At this juncture it is worth emphasising that this ‘review’ of the Leeds leg is in no way designed to present an exhaustive running commentary of the events proceedings. For starters, my frenetic note-taking is unlikely to adequately capture, nor do justice to the energy and richness of the contributions. Instead, I shall endeavour to construct a personal narrative – a fleeting sketch if you prefer – to consider how chance juxtapositions spark new unities and converging paths, as well as reflecting upon some of the inherent disconnections.

A discernible starting point is the notion of (pushing) borders and boundaries, whether creative, geographical, or challenging the limits of the human body. These intersections are explored most notably in Karen Throsby’s paper which memorably conjures marathon swimming’s intense, isolating pleasures. Drawing on her (auto)ethnographic study, Karen uses the sport of swimming long distances as a conduit for thinking about mind-body boundaries (reflected in the ‘mind over matter’ rhetoric championed by the marathon swimming community) as well as the freedoms and privileges the sport demands, alluding to the resource-greedy nature of the leisure pursuit, as well the mobility and financial capital necessary to compete. There are notable linkages with Debbie Lisle’s less charitable depiction of the ‘bro-dog’ ultramarathon runner, seemingly motivated by a desire to conquer the forbidding Sahara Desert and a post-race career as a motivational speaker to multinational corporations. Our attention is drawn to the troubling reductive colonial encounters, with a handful of Moroccan endurance runners continuing to defeat year-after-year the most over-invested, hyper-equipped and highly trained ultramarathon runners.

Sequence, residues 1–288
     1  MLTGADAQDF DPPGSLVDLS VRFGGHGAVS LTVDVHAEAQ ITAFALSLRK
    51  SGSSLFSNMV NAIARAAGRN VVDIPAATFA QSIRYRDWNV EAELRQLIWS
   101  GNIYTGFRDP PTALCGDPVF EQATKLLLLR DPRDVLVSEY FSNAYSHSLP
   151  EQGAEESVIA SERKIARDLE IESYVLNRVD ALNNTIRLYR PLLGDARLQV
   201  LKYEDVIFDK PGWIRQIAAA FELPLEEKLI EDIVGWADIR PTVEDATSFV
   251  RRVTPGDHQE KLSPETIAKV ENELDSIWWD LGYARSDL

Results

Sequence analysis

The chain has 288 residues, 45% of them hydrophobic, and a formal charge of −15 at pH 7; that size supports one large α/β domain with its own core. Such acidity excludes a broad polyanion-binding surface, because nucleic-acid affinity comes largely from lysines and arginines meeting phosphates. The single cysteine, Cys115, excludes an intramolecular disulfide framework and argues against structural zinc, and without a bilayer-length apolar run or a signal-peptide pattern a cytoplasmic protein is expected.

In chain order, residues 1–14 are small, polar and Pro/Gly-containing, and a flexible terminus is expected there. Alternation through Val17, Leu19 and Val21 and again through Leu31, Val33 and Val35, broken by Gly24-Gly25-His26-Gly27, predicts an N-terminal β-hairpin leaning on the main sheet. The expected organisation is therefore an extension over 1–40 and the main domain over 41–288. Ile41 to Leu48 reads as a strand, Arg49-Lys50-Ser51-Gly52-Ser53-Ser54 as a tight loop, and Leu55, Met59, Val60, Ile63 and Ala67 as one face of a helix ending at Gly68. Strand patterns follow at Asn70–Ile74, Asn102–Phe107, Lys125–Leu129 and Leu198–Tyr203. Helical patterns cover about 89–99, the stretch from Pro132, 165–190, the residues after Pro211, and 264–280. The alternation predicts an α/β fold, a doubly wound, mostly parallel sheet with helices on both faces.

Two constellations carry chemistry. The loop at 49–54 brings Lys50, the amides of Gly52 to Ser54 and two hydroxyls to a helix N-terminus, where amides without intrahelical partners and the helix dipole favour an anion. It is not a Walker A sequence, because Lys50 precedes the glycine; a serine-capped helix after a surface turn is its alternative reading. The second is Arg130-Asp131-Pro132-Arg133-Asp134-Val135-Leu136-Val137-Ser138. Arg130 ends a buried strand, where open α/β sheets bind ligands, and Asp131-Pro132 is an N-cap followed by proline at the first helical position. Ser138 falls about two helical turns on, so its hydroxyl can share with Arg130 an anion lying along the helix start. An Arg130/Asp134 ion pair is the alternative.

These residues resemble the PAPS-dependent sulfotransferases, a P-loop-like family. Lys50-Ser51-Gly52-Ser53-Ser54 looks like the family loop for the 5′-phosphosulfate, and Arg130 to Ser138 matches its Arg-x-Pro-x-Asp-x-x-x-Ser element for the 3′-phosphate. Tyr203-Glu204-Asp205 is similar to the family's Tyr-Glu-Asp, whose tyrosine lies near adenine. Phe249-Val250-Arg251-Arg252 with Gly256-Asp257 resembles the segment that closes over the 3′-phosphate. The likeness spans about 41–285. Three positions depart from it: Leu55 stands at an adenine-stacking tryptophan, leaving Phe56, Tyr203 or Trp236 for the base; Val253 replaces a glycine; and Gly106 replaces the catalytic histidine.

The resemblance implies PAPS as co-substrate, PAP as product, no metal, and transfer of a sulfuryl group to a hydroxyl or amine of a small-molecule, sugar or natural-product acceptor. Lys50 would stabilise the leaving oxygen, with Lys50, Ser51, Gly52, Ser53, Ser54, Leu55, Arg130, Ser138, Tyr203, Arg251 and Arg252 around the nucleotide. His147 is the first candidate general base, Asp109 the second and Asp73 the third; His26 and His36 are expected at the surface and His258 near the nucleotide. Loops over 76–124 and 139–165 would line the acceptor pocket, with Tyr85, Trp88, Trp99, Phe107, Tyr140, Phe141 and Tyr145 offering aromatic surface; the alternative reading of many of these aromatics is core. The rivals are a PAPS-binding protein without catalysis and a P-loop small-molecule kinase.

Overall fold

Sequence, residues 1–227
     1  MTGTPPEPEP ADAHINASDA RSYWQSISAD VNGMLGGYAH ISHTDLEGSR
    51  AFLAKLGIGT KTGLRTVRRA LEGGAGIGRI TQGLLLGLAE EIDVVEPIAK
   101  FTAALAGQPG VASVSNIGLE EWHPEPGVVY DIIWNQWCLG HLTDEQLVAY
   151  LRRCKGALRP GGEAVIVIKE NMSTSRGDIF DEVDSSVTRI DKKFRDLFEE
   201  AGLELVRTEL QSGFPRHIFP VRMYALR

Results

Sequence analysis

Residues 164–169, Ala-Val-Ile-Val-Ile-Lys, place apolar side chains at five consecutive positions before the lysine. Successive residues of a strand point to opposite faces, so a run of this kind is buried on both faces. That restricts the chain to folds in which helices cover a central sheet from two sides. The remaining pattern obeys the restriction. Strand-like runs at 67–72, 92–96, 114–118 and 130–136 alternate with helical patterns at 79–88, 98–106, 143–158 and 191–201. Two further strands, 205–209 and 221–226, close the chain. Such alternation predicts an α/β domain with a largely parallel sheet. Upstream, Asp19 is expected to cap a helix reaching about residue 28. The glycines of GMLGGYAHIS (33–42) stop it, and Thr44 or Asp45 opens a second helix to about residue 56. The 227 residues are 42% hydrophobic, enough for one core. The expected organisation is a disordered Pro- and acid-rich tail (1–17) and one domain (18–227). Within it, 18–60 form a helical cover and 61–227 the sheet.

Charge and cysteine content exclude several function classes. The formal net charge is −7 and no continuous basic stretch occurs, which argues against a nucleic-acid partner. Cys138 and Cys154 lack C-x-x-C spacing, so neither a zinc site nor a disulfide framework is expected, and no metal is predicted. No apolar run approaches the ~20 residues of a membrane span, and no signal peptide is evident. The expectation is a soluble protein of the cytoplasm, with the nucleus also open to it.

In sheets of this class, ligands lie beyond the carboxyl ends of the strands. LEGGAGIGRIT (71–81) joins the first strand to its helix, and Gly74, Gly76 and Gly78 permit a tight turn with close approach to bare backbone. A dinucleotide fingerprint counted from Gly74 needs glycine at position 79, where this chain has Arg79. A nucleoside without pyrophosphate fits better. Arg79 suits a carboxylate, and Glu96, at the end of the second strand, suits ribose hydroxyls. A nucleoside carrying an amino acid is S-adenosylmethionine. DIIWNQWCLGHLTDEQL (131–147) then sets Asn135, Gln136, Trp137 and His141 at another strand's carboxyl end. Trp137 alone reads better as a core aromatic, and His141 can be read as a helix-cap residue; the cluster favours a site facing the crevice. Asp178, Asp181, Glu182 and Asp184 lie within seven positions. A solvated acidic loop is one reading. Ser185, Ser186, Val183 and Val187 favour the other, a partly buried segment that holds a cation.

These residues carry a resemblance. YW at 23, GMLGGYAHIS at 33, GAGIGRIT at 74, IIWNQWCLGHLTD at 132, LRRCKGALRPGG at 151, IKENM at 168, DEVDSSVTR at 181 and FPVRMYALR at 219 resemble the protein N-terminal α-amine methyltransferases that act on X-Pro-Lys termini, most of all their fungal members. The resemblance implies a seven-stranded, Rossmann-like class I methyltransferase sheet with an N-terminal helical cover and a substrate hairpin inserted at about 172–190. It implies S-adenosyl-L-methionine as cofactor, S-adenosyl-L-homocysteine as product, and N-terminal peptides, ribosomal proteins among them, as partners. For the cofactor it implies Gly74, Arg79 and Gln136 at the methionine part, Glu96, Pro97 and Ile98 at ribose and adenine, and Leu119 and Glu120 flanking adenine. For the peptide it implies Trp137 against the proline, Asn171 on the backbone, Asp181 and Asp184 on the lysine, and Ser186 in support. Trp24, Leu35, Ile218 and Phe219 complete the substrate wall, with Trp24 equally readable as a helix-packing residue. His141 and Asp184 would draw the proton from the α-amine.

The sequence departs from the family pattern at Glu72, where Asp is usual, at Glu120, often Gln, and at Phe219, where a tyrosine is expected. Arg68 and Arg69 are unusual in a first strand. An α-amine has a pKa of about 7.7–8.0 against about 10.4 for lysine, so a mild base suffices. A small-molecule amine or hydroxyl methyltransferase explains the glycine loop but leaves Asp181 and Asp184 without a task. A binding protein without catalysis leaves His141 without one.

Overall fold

This leads us to consider a complimentary theme, that of overcoming and/or suffering. The latter are at the forefront for any athlete, whether it means beating an opponent (or oneself and creeping self-doubts), achieving a faster race time, or coping with pain and injury. Writ large in Stephanie Case’s inspirational opening are the meanings and by-products derived from the defiant, public act of running. Her narrative is one of empowerment and transformation, using running, fitness and outdoor adventure programmes as an avenue to freedom, to foster social networks of support, and to help shift the perception of gender roles in war-torn societies where women and girls are disproportionately affected by conflict. We learn that Stephanie (aside from being a supremely talented ultramarathon runner) is the founder and volunteer President of Free to Run, a charity which champions the idea that running is significantly more than a physical act. Kai Syng Tan picks up this baton, teasing out the irony between the gruelling journeys that migrants undertake to seek asylum, and the pursuit made by ‘escapees’ of Europe seeking gruelling (and exorbitant) endurance challenges in the name of fitness, adventure and/or self-fulfilment.